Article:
"That I was really an entrepreneur. I compare that to when I was a Paralegal Administrator and built a paralegal department within one of the top entertainment firms at the time in Los Angeles. I took my entrepreneurial skills from the theatre company and applied them: you get an idea for structuring and building a show - you get an idea for structuring and building a department. You get the actors - you get the staff. You get it up and running and the reviews come in. That's what we call leveraging your background - very important for paralegals."
"California is one of the most progressive states when it comes to paralegals. That mandatory hiring requirements and mandatory education was implemented says a lot towards how California paralegals are seriously setting standards where none previously existed (and still don't exist in most states). Anyone who wanted to could call themselves a paralegal. Put that up against a lawyer with a B.A. degree and 3 years of law school, who has no time to train you, and what would you get? Degenerative performances. What would I change? I would change the lack of upward mobility and pattern the paralegal field after the nursing field: give paralegals a chance to become what nurse practitioners and physician's assistants are to doctors. Give paralegals something to reach for and require the education to back it. Clients can only benefit from it."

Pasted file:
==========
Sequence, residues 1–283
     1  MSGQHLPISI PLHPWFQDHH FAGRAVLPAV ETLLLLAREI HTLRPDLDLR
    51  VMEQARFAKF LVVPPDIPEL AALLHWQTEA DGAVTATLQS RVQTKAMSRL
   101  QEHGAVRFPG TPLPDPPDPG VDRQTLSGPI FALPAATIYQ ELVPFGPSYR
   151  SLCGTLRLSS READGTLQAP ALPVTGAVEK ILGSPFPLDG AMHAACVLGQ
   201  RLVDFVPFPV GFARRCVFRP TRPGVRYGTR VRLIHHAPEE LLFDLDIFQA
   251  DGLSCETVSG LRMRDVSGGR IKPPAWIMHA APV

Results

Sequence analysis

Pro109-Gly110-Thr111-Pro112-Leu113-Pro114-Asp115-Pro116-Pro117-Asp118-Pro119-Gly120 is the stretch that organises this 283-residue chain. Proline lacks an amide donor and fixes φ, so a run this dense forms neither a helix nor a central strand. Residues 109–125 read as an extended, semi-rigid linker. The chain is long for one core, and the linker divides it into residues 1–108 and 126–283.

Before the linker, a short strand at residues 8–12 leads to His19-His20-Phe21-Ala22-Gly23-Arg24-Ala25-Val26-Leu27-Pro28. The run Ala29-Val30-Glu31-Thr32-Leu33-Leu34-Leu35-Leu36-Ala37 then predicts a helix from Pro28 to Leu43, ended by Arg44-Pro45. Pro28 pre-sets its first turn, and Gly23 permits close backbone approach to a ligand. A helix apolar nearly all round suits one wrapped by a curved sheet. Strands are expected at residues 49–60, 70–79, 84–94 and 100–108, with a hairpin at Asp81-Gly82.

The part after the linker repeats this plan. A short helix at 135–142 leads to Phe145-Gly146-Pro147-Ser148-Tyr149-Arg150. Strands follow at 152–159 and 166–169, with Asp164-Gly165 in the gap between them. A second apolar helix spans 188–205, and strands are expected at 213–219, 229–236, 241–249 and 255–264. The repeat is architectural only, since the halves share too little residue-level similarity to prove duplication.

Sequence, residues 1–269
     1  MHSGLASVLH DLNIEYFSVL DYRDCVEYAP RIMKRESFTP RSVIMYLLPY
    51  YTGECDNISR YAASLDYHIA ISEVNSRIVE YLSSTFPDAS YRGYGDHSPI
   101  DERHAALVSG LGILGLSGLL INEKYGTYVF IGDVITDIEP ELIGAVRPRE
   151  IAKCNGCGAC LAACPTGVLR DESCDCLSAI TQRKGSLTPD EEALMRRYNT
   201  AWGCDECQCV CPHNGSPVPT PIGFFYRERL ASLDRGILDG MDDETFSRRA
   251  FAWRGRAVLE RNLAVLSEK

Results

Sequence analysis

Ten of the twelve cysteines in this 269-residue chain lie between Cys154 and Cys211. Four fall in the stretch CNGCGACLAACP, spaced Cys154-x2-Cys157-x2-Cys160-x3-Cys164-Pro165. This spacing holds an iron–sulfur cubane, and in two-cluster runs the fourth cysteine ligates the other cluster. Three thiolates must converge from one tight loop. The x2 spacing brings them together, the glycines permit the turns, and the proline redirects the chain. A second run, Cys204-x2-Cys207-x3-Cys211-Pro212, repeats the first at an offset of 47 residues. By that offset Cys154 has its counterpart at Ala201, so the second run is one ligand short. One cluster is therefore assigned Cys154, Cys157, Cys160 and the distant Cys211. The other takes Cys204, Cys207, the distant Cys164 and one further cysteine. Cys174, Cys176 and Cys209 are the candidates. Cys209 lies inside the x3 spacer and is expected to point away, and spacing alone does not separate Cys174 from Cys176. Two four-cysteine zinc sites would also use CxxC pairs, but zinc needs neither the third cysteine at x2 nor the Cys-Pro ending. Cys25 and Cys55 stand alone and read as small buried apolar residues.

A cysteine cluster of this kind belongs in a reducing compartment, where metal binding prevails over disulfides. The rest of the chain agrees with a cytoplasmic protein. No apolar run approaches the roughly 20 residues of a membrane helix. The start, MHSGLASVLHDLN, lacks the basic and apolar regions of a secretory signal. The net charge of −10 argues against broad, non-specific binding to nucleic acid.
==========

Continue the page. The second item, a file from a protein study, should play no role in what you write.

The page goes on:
"Chere Estrin is simply the BEST in our field. Chere is someone whom I admire immensely not only because of her expertise but because she finds ways to assist, inspire and encourage those of us just starting in the paralegal field to soar and be successful! Chere is a valued mentor, admired for her continued dedication in promoting professionalism in the paralegal world. What an honor to have her as my mentor and to be called her friend! You make us all proud, Chere. Thank you for ALL you do for us."
"Chere Estrin has been a tremendous help to paralegals like myself in helping our profession grow and specialize. She has written books, started organizations, and worked tirelessly. She was very generous with her shrewd advice and assistance to two groups that I founded, the Association of Intellectual Property Paralegals and the E-Discovery Paralegals Network. She has our undying gratitude!"